Thank You For Arguing: What Aristotle, Lincoln, and Homer Simpson Can Teach Us About the Art of Persuasion by Jay Heinrichs is an important work which instructs people in the fine art of articulating issues and winning arguments. The Cicero argument approach is the classic model presented by Heinrichs.
The Cicero approach is a five-step process beginning with the development of a basic premise formulated by extensive research. The arrangement of the argument follows the basic premise.
The speaker needs to set goals and persuade by stimulating the audience on terms set forth at the commencement of the speech. Expert speakers sometimes relate stories to change the mood of the audience or to get a complex message across to them.
Ultimately, the speaker needs to bond with an audience to develop the requisite trust to bring things to the next level. Heinrichs labels this process of bonding with the audience as The Rhetorical Ape.
The arrangement consists of an introduction, the proof and conclusion of the argument. Next, the speaker selects a style for presenting the argument.The main ideas are committed to memory. Finally, the argument is practiced by the speaker.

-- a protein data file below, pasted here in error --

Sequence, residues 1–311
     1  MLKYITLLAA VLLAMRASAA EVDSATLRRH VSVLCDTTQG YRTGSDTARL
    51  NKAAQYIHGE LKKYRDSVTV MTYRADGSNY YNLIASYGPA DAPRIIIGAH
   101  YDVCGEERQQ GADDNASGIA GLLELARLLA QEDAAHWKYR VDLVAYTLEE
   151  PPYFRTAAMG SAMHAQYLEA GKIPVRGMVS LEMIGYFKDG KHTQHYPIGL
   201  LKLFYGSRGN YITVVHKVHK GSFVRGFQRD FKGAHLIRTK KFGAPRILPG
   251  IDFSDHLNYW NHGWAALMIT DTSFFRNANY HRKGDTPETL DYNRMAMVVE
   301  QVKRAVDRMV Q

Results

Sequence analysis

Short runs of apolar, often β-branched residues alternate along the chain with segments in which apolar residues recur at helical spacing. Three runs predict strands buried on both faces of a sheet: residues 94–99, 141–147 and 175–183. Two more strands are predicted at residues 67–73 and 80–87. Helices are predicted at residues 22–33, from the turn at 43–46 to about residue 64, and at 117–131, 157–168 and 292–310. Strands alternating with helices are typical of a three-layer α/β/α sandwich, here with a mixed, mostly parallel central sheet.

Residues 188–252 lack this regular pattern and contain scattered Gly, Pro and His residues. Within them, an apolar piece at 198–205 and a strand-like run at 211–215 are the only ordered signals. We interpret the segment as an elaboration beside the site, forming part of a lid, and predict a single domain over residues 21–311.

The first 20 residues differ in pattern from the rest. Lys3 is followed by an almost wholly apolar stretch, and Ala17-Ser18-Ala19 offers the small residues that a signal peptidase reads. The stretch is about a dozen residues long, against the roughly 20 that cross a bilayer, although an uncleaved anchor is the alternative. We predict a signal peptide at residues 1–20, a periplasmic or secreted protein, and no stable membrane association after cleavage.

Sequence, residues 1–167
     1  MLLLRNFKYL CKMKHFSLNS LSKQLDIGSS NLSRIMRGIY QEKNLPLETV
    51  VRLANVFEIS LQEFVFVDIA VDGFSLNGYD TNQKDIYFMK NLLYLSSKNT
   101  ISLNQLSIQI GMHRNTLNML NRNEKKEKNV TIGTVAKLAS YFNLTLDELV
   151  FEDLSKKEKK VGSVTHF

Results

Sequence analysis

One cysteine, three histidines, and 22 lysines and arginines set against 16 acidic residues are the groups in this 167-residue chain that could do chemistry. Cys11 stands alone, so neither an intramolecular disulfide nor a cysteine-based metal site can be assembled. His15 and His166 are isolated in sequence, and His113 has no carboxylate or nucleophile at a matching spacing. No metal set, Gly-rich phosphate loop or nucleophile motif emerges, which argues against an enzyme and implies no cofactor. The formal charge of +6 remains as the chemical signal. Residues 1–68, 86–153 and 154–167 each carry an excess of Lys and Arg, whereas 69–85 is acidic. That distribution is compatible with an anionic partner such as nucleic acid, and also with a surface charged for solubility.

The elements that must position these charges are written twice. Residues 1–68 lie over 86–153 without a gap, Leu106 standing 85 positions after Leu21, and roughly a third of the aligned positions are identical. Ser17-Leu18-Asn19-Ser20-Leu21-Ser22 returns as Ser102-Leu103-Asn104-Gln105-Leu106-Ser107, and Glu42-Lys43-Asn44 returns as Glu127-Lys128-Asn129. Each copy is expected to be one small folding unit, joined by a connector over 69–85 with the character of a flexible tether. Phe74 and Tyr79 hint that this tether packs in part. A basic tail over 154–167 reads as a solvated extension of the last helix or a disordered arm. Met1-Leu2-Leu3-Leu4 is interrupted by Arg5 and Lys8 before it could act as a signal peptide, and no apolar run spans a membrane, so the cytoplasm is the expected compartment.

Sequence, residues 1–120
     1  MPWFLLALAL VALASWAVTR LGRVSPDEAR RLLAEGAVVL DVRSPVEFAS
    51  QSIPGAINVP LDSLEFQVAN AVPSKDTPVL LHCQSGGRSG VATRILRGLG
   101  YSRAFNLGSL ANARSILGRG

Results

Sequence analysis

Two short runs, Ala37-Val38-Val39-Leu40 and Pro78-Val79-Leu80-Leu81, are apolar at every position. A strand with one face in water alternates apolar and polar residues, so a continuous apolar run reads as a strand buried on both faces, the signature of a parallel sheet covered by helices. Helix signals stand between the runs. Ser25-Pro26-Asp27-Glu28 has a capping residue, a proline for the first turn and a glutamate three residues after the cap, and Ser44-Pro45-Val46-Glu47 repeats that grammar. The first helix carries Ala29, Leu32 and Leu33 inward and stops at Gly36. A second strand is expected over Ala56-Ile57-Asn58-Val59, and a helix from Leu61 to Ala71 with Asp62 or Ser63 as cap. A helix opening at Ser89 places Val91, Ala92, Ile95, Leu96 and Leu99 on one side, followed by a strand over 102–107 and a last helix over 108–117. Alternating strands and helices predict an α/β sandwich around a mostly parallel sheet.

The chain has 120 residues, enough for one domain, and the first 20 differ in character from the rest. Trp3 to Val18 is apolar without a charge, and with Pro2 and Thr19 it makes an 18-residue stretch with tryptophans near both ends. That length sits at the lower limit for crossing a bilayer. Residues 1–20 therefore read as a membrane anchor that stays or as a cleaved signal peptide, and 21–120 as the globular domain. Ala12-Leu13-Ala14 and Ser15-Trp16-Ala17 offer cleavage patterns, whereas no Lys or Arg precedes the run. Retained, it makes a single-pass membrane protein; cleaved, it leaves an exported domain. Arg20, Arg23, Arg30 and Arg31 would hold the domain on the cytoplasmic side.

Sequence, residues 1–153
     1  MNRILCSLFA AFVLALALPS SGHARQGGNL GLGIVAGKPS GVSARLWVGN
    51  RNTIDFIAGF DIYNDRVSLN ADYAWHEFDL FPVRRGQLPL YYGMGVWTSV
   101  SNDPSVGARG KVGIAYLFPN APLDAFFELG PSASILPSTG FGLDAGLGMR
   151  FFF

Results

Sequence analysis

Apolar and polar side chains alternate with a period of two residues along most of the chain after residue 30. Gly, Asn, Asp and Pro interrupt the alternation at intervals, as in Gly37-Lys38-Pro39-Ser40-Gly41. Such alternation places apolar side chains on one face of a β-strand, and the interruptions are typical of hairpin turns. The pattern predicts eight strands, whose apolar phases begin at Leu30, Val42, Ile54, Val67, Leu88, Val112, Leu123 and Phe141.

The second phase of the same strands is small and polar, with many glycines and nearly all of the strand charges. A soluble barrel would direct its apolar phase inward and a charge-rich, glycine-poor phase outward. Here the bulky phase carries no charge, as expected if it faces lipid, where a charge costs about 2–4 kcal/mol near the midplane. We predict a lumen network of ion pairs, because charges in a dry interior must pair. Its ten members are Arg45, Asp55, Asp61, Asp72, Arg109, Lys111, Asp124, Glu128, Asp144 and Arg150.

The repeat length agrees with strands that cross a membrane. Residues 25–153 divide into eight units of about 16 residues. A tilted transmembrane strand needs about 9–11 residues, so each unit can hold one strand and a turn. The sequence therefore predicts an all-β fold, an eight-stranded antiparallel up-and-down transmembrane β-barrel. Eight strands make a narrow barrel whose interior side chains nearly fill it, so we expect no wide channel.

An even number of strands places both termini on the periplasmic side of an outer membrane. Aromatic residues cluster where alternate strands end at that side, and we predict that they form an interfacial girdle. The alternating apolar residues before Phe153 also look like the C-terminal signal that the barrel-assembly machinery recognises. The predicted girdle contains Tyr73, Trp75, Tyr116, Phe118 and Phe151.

Heinrichs explains how the art of persuasion requires that the speaker be versed thoroughly in the subject matter from extensive research, experience or a combination of elements. At times, an argument can be reduced to an absurdity in order to entertain or challenge the audience to view things in more than a singular or an analytical dimension.
Another approach is for the speaker to set up a straw man analogy which is easy to attack logically. Sometimes, speakers engage in ignoratio elenchi which is aimed at proving something not at issue. A related logical error is the fallacy of ignorance which sets up a concept which cannot be proven either true or false.
Thank You For Arguing is an important work on the art of persuasion. A strength of the presentation is that the author opines on classic logical approaches and their relationship to evidence gathering for purposes of persuading an audience.
Finally, the author stresses approaches which seek to reinforce beliefs deeply held by the audience. A weakness of the presentation is that the author stresses winning arguments exclusively. In the final analysis, argumentation aims at arriving at truth for the community at large–not just winning.
Bertrand Russell alluded to the fallacy of concentrating exclusively on the self in his famous work on The Problems of Philosophy. He stated the following:
“Self-assertion, in philosophic speculation as elsewhere, views the world as a means to its own ends; thus it makes the world of less account than Self, and the Self sets bounds to the greatness of its goods. In contemplation, on the contrary, we start from the not-Self, and through its greatness the boundaries of Self are enlarged; through the infinity of the universe the mind which contemplates it achieves some share in infinity.”Powered by Sidelines